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Berlin’s best (and worst) exhibitions of 2021

We look beyond the blockbusting Kusama retrospective to Berlin's art highlights

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Unsettling polka dot hellscape or not, Yayoi Kusama’s first ever German retrospective at Martin-Gropius-Bau was Berlin’s undisputed art hit of the year. Photo: IMAGO / Pacific Press Agency

Most eagerly anticipated

Yayoi Kusama at Gropius Bau

For a moment, it seemed all of Berlin was trying to see Yayoi Kusama’s first ever German retrospective at Martin-Gropius-Bau. Those lucky enough to get in saw a dazzling selfie extravaganza which could also be experienced as an unsettling polka dot hellscape, depending on your frame of mind. There was much to enjoy in her famous Infinity Rooms and, had the curation been a little bolder, it would have lived up to the tremendous expectation.

Most unlucky

Xinyi Cheng at Hamburger Bahnhof

It was rotten luck that the much-hyped Wuhan-born painter Xinyi Cheng’s solo show opened right at the beginning of lockdown. Teeming with half-naked men in intimate, sensual poses, it was an exhibition loaded with desire and intrigue which deserved to be seen more widely.

Best solo show

Amelie von Wulffen at KW

With its anthropomorphised turds and ceramic black flies, Amelie von Wulffen’s canvases and sculptures featured unsettling fairytales crossed with scenes of (grotesquely) idyllic Bavarian life. Nauseating and compelling, it was an excellent exhibition if you could stomach it.

Best one-off exhibition

The Sun Machine Is Coming Down at the International Congress Centre

Dormant for over 7 years, the asbestos-ridden ICC building was given new life over 10 days of screenings and performances in early October. With contributions from Cyprien Galliard and a troupe of dancers from Tino Sehgal, there was always the sense that something more exciting was going on upstairs or in the next room. The airport lounge interior only enhanced the impact of this ambitious show.

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After a €140 million renovation, Ludwig Mies van der Rohe’s concrete, steel and glass masterpiece finally reopened to the public. Photo: Simon Menges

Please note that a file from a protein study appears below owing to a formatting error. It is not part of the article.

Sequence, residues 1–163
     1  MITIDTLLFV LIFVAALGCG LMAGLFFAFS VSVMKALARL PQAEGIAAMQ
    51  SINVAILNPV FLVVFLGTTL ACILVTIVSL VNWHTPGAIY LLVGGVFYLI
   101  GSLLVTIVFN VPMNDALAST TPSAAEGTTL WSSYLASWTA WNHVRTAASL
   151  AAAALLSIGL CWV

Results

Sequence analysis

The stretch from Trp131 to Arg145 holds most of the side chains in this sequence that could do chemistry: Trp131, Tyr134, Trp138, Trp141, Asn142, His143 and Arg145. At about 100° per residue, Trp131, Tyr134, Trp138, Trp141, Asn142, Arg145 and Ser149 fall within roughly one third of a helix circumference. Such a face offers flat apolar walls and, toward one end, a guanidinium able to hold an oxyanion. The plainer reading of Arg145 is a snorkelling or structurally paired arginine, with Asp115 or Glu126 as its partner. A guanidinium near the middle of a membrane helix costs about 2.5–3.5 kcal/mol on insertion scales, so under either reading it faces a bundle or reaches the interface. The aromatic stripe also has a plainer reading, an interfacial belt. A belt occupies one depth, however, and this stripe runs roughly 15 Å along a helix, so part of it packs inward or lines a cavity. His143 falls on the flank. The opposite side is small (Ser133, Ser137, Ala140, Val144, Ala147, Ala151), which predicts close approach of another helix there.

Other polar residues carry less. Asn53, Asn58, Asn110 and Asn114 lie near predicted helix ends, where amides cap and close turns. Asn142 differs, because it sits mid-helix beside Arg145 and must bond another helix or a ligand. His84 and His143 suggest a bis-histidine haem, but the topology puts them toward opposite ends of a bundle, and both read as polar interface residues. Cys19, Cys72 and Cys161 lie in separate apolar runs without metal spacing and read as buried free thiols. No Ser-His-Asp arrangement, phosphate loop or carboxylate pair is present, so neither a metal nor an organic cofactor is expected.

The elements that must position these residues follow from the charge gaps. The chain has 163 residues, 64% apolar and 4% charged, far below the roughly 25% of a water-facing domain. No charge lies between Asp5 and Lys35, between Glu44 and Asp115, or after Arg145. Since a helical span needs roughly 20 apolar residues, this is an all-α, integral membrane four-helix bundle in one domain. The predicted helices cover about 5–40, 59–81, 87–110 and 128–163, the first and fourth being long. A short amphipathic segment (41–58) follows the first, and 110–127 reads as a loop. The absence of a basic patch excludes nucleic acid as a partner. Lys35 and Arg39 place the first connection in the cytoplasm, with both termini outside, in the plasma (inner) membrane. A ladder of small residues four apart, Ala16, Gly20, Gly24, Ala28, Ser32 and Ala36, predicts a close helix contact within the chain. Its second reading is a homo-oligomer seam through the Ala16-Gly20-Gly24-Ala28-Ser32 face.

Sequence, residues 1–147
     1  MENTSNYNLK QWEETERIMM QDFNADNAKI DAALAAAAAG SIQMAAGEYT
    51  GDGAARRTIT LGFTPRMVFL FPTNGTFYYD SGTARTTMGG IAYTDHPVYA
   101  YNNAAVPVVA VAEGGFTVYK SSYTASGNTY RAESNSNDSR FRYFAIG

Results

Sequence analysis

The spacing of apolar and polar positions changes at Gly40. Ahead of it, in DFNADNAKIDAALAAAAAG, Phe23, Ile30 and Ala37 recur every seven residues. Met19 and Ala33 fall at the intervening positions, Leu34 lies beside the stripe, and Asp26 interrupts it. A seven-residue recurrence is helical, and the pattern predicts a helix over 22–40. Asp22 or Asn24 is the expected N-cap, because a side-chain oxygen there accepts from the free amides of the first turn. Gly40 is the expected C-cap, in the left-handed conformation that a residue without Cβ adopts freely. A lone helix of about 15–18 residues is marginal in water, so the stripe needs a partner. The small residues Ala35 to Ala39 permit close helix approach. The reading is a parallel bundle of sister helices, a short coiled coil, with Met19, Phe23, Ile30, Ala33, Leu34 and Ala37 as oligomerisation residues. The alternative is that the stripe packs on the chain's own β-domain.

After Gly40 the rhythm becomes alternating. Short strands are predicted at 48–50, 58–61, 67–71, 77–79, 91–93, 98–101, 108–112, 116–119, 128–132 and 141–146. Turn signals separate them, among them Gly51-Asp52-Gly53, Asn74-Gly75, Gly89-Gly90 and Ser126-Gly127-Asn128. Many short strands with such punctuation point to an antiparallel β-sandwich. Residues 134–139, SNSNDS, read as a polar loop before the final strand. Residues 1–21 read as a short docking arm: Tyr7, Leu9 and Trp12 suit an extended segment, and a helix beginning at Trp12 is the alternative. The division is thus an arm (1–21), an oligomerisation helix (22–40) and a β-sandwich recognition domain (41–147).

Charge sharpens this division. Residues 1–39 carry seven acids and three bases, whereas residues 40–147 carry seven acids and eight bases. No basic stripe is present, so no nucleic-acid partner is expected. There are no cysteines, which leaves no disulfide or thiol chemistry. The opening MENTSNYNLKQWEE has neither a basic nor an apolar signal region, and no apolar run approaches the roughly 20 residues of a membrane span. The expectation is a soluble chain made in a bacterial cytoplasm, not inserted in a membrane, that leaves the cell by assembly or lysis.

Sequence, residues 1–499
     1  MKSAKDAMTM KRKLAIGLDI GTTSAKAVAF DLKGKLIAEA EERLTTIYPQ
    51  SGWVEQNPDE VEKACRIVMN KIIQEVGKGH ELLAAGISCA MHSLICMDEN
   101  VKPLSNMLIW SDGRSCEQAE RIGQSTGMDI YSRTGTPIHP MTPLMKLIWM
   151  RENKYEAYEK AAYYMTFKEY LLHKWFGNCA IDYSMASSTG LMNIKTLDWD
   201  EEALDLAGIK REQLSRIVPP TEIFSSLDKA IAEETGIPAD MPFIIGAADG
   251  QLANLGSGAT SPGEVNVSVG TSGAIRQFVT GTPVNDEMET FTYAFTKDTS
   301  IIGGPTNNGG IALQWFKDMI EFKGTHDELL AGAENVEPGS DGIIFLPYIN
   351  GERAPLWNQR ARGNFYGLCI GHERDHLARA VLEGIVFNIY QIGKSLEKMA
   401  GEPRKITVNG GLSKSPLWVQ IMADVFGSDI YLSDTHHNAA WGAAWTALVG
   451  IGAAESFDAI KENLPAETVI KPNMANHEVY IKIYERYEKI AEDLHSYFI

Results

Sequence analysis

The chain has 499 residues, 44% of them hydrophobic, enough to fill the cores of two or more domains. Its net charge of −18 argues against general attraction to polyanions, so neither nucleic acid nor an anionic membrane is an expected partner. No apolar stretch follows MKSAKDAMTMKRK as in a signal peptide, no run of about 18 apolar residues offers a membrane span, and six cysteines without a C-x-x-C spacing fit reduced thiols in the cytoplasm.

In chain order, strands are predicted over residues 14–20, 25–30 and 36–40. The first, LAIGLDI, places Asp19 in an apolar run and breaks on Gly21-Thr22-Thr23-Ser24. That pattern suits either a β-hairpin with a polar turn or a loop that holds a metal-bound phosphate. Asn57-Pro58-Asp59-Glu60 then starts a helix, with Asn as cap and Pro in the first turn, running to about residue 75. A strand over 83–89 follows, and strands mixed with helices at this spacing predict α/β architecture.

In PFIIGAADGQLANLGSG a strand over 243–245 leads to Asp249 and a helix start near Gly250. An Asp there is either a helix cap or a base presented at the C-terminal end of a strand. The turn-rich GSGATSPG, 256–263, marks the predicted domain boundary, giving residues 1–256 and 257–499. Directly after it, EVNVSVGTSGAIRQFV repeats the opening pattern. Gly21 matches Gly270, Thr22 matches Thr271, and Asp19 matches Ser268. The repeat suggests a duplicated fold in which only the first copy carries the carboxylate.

Most exciting re-emergence

Neue Nationalgalerie

After a €140 million renovation, Ludwig Mies van der Rohe’s concrete, steel and glass masterpiece finally reopened to the public. When it was first built in 1968, just 100 metres away from the Berlin Wall, the Neue Nationalgalerie was inextricably linked with the political and physical division of the capital. Its return following a seven-year absence allows this black modernist temple to reaffirm Berlin’s stature as one of the world’s great art centres.

Most disappointing opening

Alexander Calder at the Neue Nationalgalerie

Given recent improvements in representation and diversity, it was disappointing that Neue Nationalgalerie would choose to make the white, male American their headline act. Alexander Calder’s retrospective ‘Minimal/Maximal’ mixed vast curving steel sculptures with miniature toy-like creations, and, despite being interactive and impressive the timing was not ideal. Thankfully Rosa Barba’s commission and The Art of Society. 1900 – 1945 in the downstairs galleries were excellently conceived.

Most forgettable exhibition of the year

Diversity United at Tempelhof Airport

Despite a great venue and an astounding roster of contemporary European artists, the exhibition had a corporate, soulless feel. Considering its enormous budget, you begin to wonder if this was the best way to celebrate Europe’s diversity.

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Pamela Rosenkranz’ mound of scented soil was a startling centrepiece of Sun Rise | Sun Set at Schinkel Pavillon. Photo: Exhibition view, Schinkel Pavillon and the artists, 2021 | Andrea Rossetti 

Most creative show of the year

Sunrise | Sunset at the Schinkel Pavillon

Exhibitions focused on the environment and climate emergency are everywhere right now but Sunrise | Sunset brought a fresh new perspective by looking at the delicate interrelation of life on earth. A varied selection of work mixed surrealist paintings by Max Ernst with Pierre Huyghes’ blind Mexican fish. It was brilliantly done and Pamela Rosenkranz’ mound of scented soil was a startling centrepiece.

Best commercial gallery exhibition

Cathy Wilkes

Not the easiest of exhibitions but, with time and consideration, the objects and letters on show subtly and movingly outlined the collision of childhood innocence with shocking violence.